Turkis Lawmakers Attend in Parliament With Head Scarves
The move—widely expected after being officially sanctioned in a September legislative package—is the first time female politicians have attempted to wear a head scarf in parliament since 1999. At that time, lawmaker Merve Kavakci was rejected from the chamber after angry shouts from secularist parliamentarians and later deprived of her citizenship.
CHP lawmaker, Safak Pavey, spoke in favor of head scarves in parliament, but warned that many Turkish girls were forced to wear them at an early age and that rights groups had highlighted Turkey’s poor record on women’s rights.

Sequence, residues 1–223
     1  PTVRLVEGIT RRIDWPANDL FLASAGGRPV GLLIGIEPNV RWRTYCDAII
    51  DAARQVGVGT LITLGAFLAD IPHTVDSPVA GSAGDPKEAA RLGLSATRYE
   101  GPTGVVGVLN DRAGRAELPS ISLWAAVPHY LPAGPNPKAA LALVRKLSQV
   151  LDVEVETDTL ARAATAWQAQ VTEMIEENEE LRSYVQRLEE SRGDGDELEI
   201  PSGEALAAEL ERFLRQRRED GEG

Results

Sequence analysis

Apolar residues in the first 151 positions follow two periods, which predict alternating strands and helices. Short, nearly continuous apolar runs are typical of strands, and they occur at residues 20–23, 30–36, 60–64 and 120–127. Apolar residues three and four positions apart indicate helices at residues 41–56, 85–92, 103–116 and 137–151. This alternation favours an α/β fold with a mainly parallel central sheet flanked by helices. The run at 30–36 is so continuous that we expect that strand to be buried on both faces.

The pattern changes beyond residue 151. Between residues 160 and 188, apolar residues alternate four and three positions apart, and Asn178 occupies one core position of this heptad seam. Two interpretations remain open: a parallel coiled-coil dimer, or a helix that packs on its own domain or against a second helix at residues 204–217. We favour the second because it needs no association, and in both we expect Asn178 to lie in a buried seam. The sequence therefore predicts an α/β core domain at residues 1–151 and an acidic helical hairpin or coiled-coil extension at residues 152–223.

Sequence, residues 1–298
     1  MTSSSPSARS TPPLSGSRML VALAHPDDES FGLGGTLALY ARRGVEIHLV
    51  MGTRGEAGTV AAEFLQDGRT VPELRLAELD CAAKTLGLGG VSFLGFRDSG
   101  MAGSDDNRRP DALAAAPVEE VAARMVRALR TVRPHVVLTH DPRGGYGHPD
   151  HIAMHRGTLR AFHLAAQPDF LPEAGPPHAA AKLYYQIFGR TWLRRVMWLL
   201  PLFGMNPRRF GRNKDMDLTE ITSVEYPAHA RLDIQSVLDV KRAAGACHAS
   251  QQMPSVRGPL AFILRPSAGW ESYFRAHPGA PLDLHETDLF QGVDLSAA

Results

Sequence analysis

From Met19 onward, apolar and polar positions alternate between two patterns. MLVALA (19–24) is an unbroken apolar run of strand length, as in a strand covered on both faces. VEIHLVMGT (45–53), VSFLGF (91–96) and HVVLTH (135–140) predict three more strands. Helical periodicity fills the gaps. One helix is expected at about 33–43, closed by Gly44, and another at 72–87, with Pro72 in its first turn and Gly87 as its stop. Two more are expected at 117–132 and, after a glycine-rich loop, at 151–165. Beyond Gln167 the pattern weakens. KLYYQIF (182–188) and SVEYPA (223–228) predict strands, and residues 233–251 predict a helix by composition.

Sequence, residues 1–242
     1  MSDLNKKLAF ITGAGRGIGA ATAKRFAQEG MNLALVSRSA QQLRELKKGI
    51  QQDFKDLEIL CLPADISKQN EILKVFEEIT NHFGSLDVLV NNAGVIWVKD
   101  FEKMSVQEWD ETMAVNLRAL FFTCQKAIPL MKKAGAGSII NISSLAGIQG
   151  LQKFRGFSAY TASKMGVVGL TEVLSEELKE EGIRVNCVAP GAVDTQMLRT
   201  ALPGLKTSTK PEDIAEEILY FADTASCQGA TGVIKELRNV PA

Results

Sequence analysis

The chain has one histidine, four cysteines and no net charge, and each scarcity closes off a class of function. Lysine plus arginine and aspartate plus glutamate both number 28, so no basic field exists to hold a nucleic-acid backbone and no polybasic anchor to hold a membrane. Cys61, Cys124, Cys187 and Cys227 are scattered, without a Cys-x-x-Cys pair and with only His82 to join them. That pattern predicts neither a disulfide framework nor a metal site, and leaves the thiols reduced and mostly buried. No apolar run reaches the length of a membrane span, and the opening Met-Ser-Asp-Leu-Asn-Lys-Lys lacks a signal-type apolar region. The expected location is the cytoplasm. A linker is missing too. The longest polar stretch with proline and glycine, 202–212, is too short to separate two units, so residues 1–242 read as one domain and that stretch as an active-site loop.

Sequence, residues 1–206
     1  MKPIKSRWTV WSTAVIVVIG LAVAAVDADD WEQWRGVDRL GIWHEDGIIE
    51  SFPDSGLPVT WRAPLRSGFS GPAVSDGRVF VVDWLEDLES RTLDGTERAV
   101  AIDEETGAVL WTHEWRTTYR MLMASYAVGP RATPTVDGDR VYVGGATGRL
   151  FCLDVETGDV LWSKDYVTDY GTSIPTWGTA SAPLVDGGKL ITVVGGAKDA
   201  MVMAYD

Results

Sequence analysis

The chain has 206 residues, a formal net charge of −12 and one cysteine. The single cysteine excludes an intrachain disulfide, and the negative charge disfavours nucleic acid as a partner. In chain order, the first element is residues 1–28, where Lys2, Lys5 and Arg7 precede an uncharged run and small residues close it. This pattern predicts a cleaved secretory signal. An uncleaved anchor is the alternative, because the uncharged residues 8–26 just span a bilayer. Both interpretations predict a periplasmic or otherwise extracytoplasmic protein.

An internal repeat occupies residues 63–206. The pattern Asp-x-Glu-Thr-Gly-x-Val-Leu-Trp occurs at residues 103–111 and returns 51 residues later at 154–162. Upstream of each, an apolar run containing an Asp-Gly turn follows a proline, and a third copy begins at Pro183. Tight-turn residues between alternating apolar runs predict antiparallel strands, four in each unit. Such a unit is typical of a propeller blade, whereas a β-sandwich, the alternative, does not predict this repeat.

“There is a knife-edge relationship between a head scarf and freedom. On one hand, it represents freedom of religion, but on the other, the pressure by religion,” she said.
Ms. Pavey was herself a victim of parliament’s strict dress codes, having been prevented from wearing trousers in parliament to hide her prosthetic leg.
Other parties in parliament welcomed the liberalizing of head scarves in public institutions, underlining the seismic shift in Turkish society since the AKP captured power a decade ago.